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Lookup NU author(s): Dr Sarah CollinsORCiD
This work is licensed under a Creative Commons Attribution 4.0 International License (CC BY 4.0).
This article examines instances of criminal activity and capital punishment occurring on English wastelands, such as commons, heaths, moors, and forests, between 1730 and 1830. A broad range of information drawn from newspaper reports, assize records, court proceedings and local histories enables comparison of human experience on wastes when encountering criminal activity and/or any resulting punishments. Detailed accounts of crime and punishment on historic wastelands are sparse, with the majority of information relating to public perceptions concerned with safety and place-making. This article considers the extent to which those perceptions were accurate, identifying entanglements between three discrete processes: elite desires to ‘improve’ wastelands; the use of wastes to reinforce ritualised punishments; and increased media reporting of crime that was often coupled with sensationalism. Examination of the sources above demonstrates a variable and highly localised place-making founded on negative emotions, which popularised tropes of wastelands being places of fear and lawlessness.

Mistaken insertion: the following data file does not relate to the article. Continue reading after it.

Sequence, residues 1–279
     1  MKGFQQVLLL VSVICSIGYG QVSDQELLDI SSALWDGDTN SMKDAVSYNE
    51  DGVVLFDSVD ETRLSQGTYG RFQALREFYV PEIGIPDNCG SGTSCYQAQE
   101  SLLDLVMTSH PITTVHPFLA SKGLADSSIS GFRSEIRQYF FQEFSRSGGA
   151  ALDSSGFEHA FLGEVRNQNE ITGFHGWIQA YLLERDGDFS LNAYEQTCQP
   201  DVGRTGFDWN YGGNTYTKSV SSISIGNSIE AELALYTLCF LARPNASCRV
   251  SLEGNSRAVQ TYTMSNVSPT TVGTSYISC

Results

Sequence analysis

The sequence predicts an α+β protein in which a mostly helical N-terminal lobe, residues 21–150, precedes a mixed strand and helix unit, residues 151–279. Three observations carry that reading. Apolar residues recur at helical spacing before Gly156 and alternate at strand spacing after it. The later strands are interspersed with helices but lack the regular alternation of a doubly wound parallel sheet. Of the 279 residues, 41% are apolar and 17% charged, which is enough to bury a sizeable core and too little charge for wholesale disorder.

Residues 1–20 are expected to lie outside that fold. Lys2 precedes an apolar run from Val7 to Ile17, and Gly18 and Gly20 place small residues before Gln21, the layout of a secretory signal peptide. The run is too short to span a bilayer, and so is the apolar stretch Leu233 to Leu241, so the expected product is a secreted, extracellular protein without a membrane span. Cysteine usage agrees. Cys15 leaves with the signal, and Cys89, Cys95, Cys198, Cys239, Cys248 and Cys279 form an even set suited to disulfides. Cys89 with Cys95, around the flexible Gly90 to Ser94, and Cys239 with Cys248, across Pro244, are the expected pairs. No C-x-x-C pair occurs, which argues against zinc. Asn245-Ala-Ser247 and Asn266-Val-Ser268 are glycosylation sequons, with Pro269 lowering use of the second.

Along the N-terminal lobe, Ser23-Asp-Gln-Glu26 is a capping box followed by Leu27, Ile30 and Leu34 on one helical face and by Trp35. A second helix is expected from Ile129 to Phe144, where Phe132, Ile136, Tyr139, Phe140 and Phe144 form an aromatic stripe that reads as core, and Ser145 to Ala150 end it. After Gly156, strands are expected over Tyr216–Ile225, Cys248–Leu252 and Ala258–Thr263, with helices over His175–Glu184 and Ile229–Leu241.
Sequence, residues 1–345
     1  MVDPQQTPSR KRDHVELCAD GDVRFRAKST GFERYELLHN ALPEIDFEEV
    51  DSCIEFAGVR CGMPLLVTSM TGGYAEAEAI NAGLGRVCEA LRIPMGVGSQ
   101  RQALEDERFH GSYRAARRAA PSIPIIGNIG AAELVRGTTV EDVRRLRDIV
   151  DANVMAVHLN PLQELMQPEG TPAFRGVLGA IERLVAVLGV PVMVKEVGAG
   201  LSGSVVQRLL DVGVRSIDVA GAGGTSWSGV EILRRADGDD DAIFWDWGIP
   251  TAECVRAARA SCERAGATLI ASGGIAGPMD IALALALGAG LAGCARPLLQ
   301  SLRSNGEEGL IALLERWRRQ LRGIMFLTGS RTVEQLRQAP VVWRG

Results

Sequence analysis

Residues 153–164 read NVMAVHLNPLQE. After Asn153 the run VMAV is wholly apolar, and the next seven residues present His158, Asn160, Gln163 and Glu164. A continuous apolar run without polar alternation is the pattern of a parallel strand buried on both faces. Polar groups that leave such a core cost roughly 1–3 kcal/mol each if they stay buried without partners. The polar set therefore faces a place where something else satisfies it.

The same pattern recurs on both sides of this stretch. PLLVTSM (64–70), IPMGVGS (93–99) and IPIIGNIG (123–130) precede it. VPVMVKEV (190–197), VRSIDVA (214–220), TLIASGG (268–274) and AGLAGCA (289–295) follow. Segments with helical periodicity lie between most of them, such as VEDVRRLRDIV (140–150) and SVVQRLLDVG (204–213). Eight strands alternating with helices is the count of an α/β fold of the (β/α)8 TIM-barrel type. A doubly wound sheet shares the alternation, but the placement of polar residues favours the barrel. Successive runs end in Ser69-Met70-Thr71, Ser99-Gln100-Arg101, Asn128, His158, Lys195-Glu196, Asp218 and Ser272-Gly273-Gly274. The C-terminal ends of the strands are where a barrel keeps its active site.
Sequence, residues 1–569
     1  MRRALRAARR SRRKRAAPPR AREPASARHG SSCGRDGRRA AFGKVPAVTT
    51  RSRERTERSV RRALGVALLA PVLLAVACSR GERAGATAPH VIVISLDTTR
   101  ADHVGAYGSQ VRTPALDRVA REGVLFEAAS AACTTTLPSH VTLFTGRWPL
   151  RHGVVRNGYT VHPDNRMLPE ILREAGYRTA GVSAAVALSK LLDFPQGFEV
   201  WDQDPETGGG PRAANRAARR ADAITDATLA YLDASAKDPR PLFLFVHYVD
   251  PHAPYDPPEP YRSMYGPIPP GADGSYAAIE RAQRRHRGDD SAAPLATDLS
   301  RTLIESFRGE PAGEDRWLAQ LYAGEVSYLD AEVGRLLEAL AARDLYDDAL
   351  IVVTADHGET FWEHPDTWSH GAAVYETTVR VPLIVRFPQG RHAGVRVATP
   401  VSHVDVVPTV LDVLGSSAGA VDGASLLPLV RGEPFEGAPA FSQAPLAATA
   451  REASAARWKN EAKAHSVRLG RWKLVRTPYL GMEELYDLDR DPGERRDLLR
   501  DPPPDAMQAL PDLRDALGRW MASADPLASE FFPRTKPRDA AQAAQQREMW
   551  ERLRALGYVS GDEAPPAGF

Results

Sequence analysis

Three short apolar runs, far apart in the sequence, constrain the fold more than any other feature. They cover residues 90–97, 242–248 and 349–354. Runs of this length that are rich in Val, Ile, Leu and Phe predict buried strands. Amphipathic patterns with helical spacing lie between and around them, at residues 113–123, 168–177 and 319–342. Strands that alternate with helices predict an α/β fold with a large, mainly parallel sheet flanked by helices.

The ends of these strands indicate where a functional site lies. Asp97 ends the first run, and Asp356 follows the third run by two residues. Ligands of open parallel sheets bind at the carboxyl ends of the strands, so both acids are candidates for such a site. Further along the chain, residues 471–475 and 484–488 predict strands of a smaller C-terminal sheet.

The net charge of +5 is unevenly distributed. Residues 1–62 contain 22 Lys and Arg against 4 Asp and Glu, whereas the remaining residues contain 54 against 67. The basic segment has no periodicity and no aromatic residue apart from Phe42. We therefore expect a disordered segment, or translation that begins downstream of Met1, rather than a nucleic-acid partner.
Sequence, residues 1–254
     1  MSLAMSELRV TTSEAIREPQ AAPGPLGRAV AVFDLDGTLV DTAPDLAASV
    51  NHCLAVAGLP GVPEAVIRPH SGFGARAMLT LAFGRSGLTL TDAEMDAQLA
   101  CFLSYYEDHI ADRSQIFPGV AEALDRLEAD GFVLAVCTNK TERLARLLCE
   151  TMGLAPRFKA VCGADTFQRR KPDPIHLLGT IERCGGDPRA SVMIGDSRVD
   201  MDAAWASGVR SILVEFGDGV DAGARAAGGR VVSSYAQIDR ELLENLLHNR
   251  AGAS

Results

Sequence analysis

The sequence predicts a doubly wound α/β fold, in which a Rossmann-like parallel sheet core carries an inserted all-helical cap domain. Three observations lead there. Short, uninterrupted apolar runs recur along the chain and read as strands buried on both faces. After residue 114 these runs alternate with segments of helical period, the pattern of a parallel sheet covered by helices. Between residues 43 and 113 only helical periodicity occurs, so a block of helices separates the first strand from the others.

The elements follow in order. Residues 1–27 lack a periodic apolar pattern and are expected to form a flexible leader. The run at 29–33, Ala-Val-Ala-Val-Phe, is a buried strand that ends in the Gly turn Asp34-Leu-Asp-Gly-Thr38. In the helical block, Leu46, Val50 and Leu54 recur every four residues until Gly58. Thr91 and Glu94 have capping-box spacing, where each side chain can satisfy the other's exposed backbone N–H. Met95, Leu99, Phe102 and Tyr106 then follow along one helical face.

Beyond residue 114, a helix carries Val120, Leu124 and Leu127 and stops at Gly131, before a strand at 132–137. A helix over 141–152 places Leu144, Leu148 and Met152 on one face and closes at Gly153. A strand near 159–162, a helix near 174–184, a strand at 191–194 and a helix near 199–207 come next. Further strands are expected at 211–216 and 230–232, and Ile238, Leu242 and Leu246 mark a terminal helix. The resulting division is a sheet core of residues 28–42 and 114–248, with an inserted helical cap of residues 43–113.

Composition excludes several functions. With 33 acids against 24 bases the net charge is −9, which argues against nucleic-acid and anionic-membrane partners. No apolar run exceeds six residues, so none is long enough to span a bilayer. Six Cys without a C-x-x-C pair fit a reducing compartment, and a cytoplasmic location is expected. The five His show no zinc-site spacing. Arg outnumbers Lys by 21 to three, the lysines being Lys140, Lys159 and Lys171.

Author(s): Collins S
Publication type: Article
Publication status: Published
Online publication date: 16/11/2022
Acceptance date: 07/09/2022
Date deposited: 15/06/2023
ISSN (print): 1466-2035
ISSN (electronic): 2040-8153
Publisher: Taylor & Francis Group
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